These mistakes have already happened to even the most experienced and smartest investor you know. Sometimes, you also commit them. Here are the most common investing mistakes that you should always try to avoid.
Investing in what you don’t understand
Warren Buffett, who is one of the world’s most successful investors in the world, warns against investing in businesses that you don’t understand. It means that you should not be buying stocks in firms if you’re not completely sure about their business models.
The best way to avoid this is to build a diversified portfolio of exchange-traded funds (ETFs) or mutual funds. If you do invest in individual stocks, make sure you thoroughly understand every company that those stocks represent before you invest.
Falling in Love with the Company
Too often, when we see a company we’ve invested in do well, it becomes easy for us to get attached and, in a way, in love with it and forget that we got the stock as an investment.
Always remember, you had gotten and bought this stock to make some money. if any of the fundamentals that prompted you to buy into the company change, you may have to consider selling the stock.
Slow and steady usually triumphs in different challenges. It’s basically the same when it comes to investing. A slow, steady, and disciplined approach will go a lot further over the longer term than going in for the last minute.
Expecting your portfolio to do something other than what they’re created for is one good way to enter broke-ville. This means that you need to keep your expectations realistic when it comes to the length, time, and growth that each stock will encounter.
Turnover or jumping in and out of positions is another thing that may kill your returns. Unless you’re an institutional investor with the benefit of low commission rates, the transaction costs can chip away from your money. You also incur short term tax rates and the opportunity cost of missing out on the long term gains of good investments.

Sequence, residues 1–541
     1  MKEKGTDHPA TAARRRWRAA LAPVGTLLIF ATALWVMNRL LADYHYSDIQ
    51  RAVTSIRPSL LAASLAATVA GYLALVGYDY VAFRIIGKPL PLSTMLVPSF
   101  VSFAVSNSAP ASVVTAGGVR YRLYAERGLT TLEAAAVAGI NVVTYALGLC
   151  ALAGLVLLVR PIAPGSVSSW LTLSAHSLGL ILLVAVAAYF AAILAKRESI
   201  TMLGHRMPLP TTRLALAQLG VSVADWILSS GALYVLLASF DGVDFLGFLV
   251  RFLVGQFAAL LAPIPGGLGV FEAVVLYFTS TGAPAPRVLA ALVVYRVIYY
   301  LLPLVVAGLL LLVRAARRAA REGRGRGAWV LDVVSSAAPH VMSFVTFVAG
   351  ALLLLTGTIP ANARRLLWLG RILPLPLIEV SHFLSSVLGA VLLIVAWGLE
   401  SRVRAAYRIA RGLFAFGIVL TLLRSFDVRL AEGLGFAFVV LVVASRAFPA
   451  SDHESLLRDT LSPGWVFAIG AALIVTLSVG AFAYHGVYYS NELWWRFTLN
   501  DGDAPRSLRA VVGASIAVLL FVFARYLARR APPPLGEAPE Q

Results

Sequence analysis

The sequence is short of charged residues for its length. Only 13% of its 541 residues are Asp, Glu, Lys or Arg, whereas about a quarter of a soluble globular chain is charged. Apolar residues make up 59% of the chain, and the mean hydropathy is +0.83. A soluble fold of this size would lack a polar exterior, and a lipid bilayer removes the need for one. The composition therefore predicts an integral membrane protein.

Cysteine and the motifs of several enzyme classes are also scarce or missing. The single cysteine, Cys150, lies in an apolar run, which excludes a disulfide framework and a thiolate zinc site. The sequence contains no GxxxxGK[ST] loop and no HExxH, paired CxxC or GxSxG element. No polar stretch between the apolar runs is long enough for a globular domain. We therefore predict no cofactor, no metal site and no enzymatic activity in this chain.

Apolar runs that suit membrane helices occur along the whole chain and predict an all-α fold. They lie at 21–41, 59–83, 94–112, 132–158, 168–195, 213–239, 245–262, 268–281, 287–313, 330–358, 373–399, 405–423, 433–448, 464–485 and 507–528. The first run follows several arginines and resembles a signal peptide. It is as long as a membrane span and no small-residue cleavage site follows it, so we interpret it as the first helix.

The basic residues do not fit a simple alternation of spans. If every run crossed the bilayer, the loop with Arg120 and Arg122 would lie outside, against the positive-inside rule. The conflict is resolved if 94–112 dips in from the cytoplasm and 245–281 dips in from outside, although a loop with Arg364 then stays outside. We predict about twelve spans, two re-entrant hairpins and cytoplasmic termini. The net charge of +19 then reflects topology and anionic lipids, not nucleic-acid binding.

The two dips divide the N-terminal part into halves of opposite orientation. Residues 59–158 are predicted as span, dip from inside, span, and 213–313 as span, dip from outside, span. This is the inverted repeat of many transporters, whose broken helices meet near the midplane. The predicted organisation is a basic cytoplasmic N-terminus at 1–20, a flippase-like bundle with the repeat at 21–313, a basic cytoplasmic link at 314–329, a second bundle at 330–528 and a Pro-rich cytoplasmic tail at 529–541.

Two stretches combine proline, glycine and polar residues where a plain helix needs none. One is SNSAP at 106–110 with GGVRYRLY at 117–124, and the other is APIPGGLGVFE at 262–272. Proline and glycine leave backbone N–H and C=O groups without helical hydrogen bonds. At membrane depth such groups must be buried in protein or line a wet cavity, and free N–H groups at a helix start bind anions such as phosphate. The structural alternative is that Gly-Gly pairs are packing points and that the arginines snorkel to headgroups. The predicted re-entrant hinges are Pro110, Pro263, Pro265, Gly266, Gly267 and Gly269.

Market timing can also kill your investments. Successfully timing the market is extremely difficult to do. Even institutional investors usually fail to do it successfully.
Waiting to Get Even
Getting even is another one-way ticket to losing any profit that you might have made. This means you are waiting to sell a loser until it gets back to its original cost basis.
Behavioral finance tags this as a “cognitive error.” By failing realize a loss, you may actually be losing in two ways. First, you avoid selling a loser that may continue falling until it’s worthless. Second, there’s the opportunity cost of what may be a better use for those investment dollars.
While professional investors may manage to generate alpha, (or excess return over a benchmark) by investing in a few concentrated positions, common investors should not try to do this. Instead, you should stick to the principle of diversification.
In creating an ETF or mutual funds portfolio, bear in mind to allocate an exposure to all major spaces. In building an individual stock portfolio, allocate to all major sectors. In general, you should allocate more than 5 percent to 10 percent on any single investment.